Forever 21 and others have suggested that shoppers are losing their taste for the cheap, trend-driven fast fashion–and that there is still room left in the closet.
Now that teen retailer Forever 21 has filed for bankruptcy protection, the autopsies have begun to determine why exactly the once-thriving brand fell apart. One proposed cause: fast fashion is dying. Shoppers, however, still look to be buying plenty of fast fashion. It’s just not from Forever 21.
Forever 21 and others have suggested that shoppers are losing their taste for the cheap, trend-driven fast fashion that Forever 21 helped to spread.
When the New York Times asked executive vice president Linda Chang whether falling mall traffic or shoppers’ diminishing interest in fast fashion was behind Forever 21’s challenges, she said it was “a little of both.”
Fast fashion giants, H&M and Zara, have seen a slowdown in sales growth over the past few years. In the US, the combined market share of Forever 21, H&M, and Zara has fallen from its peak in 2015.
Yet since then, other fast-fashion labels have also rapidly grown. The most notable are the British retailers ASOS and Boohoo, both of which have flourished with ultra-fast, online models. Labels such as Fashion Nova and Missguided have spread too, using Instagram to connect with growing numbers of young women.
Some of these brands have had their challenges in recent months, mostly operational problems as they try to speed their expansions. Missguided reported a significant loss earlier this year after it said it was premature in installing a new tier of management to support its rapid growth.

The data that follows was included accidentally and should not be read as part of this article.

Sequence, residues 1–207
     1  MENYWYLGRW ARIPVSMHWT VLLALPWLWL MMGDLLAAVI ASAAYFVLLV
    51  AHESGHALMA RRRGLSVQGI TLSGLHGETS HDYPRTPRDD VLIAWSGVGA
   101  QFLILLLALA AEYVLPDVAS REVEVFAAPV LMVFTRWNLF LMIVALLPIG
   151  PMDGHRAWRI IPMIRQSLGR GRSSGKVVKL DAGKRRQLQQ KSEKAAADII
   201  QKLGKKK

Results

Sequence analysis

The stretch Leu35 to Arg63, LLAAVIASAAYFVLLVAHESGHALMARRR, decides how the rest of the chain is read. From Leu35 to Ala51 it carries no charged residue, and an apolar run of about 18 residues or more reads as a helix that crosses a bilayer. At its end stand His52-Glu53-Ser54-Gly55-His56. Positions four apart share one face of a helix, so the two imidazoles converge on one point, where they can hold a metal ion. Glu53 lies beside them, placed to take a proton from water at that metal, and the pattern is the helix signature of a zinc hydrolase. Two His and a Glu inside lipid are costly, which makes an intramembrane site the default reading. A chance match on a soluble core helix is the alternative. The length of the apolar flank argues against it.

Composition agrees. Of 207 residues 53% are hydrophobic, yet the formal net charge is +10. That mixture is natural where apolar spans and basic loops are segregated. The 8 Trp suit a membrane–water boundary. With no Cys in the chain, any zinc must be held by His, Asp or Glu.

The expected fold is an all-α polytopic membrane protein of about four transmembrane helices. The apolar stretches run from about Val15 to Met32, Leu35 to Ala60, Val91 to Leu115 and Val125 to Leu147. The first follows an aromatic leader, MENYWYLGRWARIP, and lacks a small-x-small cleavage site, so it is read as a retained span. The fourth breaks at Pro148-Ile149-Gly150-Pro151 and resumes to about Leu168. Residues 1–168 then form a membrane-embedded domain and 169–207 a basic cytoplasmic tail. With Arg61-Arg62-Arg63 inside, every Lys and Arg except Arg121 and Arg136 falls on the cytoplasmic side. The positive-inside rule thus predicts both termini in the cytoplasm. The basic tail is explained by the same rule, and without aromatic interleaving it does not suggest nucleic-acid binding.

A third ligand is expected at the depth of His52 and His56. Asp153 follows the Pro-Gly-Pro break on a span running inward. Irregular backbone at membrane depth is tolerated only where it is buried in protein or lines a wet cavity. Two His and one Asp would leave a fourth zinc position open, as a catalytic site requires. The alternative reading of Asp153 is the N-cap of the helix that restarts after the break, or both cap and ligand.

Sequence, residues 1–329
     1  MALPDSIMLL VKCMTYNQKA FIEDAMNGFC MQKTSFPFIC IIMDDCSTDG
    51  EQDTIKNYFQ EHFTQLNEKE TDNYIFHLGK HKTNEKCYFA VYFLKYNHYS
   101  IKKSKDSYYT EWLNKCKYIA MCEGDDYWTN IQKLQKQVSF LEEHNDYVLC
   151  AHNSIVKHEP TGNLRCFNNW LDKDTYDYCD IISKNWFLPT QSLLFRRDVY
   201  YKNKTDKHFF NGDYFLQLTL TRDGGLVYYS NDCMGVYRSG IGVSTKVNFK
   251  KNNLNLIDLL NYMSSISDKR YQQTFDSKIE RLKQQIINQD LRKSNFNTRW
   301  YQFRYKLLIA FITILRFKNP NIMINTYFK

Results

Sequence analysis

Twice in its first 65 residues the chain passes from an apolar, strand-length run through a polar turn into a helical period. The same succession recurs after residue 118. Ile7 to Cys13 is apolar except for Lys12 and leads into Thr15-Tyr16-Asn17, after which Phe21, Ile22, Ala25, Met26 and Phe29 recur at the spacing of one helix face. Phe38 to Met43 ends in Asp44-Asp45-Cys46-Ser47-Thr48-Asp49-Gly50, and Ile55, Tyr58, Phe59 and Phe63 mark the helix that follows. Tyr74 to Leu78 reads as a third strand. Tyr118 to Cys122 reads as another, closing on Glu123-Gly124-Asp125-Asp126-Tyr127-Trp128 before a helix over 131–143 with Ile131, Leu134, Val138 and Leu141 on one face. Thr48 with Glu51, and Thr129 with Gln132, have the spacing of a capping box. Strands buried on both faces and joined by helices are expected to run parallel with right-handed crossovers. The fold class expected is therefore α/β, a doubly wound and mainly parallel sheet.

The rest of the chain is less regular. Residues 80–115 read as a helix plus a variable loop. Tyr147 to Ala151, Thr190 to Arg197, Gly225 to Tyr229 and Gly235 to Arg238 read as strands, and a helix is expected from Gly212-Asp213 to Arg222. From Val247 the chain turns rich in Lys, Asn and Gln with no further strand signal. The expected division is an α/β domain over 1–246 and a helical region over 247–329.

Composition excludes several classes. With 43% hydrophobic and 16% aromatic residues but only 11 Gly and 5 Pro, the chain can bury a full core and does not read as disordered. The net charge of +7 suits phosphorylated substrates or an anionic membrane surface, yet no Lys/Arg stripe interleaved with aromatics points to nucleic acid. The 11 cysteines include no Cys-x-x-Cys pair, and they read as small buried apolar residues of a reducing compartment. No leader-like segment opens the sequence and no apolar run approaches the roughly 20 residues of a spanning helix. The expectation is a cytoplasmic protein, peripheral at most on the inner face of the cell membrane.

In July, ASOS issued a profit warning after logistical problems at its US warehouse, which was struggling to keep up with demand. “None of these [issues] change the opportunity ahead for us which remains huge,” said Nick Beighton, the company’s CEO, at the time. “I’m clear this is not a demand issue.”
H&M and Zara haven’t lost their fight either. Both recently reported renewed strength in their businesses as they start to see the benefits of pulling back on store openings to focus on growing their digital businesses.
Fast fashion’s recent sales growth isn’t just happening in newly-tapped markets either. “Growth was strongest in markets such as the US, where we grew with 17%,” H&M’s CEO, Karl Johan-Persson, told investors on a June call about the company’s second quarter. Boohoo recently reported 62% sales growth in the US in its first-half results. ASOS delivered 8% sales growth in the US for the first half, a number it believes could have been higher without the operational problems.
One other reason for the rumors of fast fashion’s decline is the rapid rise of resale and rental businesses, which offer customers more sustainable ways to shop. The main voices pushing that narrative are the companies in those spaces themselves, such as Rent the Runway and ThredUP. They likely are stealing some share, but it’s unclear how much.
Fast fashion has proved a remarkably effective model. It’s prompted a number of clothing brands to speed up their supply chains. It may be that Forever 21’s biggest problem is it’s just not as good as the competition.